“Vaster Than Empires and More Slow” by Ursula K. Le Guin (New Dimensions 1, 1971) — Hugo nominee
“Painwise” by James Tiptree, Jr. (The Magazine of Fantasy and Science Fiction, February 1972) — Hugo nominee
“My Brother Leopold” by Edgar Pangborn (An Exaltation of Stars, 1973)

Here’s the complete publishing details.

What If? Volume 1 (Pocket Books, 266 pages, $2.50 in paperback, September 1980) — cover by Richard Powers
What If? Volume 2 (Pocket Books, 239 pages, $2.50 in paperback, February 1981) — cover by Richard Powers
What If? Volume 3 (Surinam Turtle Press, 308 pages, $35 hardcover/$20 trade paperback, October 18, 2013) — cover by Gavin L. O’Keefe

The third volume is still in print. There are no digital editions.

See all of our recent Vintage Treasures here.

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Mark Robinson

You have a typo: Richard Lupoff passed away in 2020, not 1990.

Adrian Simmons

I read “Plague of Python’s” a few years ago. A good book, but pretty f’d up!

Eugene R.

I think that I would be partial to most, if not all, of Mr. Lupoff’s arguments for “alternate” Hugos, as my brain is desperately trying to convince me that “Light of Other Days” was a story we read in the Asimov Hugo Winners omnibus. I keep telling it that it must be thinking of “Slow Sculpture” by Theodore Sturgeon and confusing it with “slow glass”, but it just will not listen! Stupid brain.

John E. Boyle

Excellent post, Mr. O’Neill. I’ve been a fan of Lupoff’s work since I read his biography of Edgar Rice Burroughs and I found his note on Publishing History fascinating. Thank you!

Richard E. Marvin

I read this when it first came out circa late 60s/early 70s. Back in the day I read everything I could of Burroughs and felt he was the greatest writer in the world. Lupoff was the first writer that (gently) bust the bubble on that conception. His book is a love letter to the works of Burroughs and an great introduction to the reader NOT famialr with all the characters he created. Told with respect, insight, and admiration. An overview if you will and well worth the read. (He also put a pin in my bubble over the Bomba the Jungle Boy series. Siigh). 🙂

John E. Boyle

It has been decades since I read that book, but I remember being fascinated by such a detailed look behind the scenes of so many of the books I enjoyed. I liked Lupoff’s style of writing and he did his research. I think you might enjoy it.

Rich Horton

Lupoff was an expert not just on SF, but on comics, on pulps, on mysteries. And he rediscovered an early bit of proto-SF, Edwin L. Arnold’s Lieut. Gullivar Jones: His Vacation. He arranged for Ace to republish it. It was first published in 1905, and quite clearly prefigures Burroughs’ Barsoom novels. (Gullivar Jones’ vacation is to Mars.) I wrote about that here:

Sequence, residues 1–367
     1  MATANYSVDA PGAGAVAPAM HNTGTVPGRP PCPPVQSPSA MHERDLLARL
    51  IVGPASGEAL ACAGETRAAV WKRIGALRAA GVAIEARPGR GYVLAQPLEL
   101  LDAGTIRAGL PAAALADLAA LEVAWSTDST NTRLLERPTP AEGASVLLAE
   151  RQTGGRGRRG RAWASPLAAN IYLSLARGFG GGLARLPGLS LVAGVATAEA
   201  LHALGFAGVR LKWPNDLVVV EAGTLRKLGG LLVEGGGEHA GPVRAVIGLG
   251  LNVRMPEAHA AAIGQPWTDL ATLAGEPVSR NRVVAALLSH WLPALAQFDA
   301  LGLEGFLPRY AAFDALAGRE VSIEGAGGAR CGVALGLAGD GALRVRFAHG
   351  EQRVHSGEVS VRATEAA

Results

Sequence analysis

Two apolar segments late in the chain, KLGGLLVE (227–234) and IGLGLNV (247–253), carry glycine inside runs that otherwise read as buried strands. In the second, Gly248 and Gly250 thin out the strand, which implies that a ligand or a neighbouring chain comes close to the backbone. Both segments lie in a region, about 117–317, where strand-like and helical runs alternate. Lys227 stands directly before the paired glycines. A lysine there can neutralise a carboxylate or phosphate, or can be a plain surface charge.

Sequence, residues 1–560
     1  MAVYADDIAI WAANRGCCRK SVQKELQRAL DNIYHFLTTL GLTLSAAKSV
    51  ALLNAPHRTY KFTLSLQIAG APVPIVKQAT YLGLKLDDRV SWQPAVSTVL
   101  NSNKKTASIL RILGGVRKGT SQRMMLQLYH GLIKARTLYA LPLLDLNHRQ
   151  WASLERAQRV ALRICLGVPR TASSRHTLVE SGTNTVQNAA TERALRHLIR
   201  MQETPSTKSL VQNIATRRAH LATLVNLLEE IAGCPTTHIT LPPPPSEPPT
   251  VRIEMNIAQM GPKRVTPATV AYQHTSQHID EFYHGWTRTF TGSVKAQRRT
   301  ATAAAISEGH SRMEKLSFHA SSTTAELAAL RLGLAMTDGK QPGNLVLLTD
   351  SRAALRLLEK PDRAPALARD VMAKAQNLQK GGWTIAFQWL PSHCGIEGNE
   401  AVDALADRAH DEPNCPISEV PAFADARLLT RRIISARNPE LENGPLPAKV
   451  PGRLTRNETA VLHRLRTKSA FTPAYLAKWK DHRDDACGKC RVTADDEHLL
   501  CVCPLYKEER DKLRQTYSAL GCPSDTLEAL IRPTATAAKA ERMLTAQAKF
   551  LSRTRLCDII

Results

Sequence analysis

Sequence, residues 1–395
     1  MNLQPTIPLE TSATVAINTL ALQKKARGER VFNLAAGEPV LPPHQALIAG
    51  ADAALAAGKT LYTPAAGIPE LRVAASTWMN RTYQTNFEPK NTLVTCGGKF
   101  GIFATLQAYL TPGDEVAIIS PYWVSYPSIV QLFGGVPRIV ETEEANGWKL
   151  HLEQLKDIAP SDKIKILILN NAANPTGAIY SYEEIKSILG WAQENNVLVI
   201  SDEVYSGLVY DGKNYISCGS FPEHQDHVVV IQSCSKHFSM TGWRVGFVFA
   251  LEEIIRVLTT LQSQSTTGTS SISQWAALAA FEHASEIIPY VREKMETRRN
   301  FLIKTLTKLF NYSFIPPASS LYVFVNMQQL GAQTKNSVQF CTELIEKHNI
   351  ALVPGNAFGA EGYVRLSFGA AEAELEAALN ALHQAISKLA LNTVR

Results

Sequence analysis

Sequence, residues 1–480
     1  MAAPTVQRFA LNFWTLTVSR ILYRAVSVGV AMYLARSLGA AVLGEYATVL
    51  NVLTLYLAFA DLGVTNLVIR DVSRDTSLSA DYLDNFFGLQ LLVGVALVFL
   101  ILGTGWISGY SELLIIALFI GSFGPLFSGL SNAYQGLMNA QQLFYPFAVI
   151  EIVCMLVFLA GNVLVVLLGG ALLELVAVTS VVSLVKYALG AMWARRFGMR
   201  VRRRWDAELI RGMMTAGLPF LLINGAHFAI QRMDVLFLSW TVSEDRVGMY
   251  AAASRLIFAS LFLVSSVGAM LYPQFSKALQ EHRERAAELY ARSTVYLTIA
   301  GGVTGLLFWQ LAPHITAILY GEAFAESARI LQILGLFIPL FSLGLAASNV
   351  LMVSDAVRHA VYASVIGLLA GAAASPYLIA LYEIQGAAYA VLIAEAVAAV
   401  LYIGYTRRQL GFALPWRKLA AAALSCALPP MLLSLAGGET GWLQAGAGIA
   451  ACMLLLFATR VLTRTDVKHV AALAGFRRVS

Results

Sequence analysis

Lupoff wrote in a wide variety of fields, always entertainingly. We corresponded briefly some time ago. Here’s what I wrote about one of his collections (plus some more short fiction):

Aonghus Fallon

I associate Lupoff with Circumpolar! I have vague memories of an entertaining yarn along the lines of Rocketeer. VERY vague memories…..

Aonghus Fallon

Here – by way of contrast – is the Granada cover –

Dave Hook

John, this is a great piece on books by Lupoff that I love, although I have not read them. The short fiction selections overlap nicely with the Jo Walton et al alternate Hugo thoughts on her Tor com blog posts and her book “The Informal History of the Hugo’s…”, and by those of Rich Horton at Strange at Ecabatan Like you, I Iove Lupoff’s extensive essays on what should have been nominated and should have won. Are you aware that Mike Ashley published Lupoff Lists for short fiction in “The Illustrated Book of Science Fiction Lists”, extending them from 1926 to 1978? See summary at Mark R. Kelly’s SFADB, Of course, the lists before and after What If 1, 2 and 3 are only lists, but still fun. I especially love his choices from before any major SF awards existed.

Rich Horton

Thanks, Dave, especially for pointing me to Lupoff’s extended lists! I didn’t know about those!


Both “Blind Man’s Lantern” by Allen Kim Lang(Dec ’62 “Analog”) and “Teratohippus”by Robert L Davis(Dec ’72 “If”) should have won Hugo’s for the short form in their respective years. Also(not sure if it did or not) “Brightside Crossing “by Allen E Nourse in 1956 should’ve…
I was born in 1949 and have been a HUGE!!!! science fiction fan especially due to Sir Arthur C Clarke’s stories and (still the best of Anything! ever put on television) Rod Serling’s “The Twilight Zone”.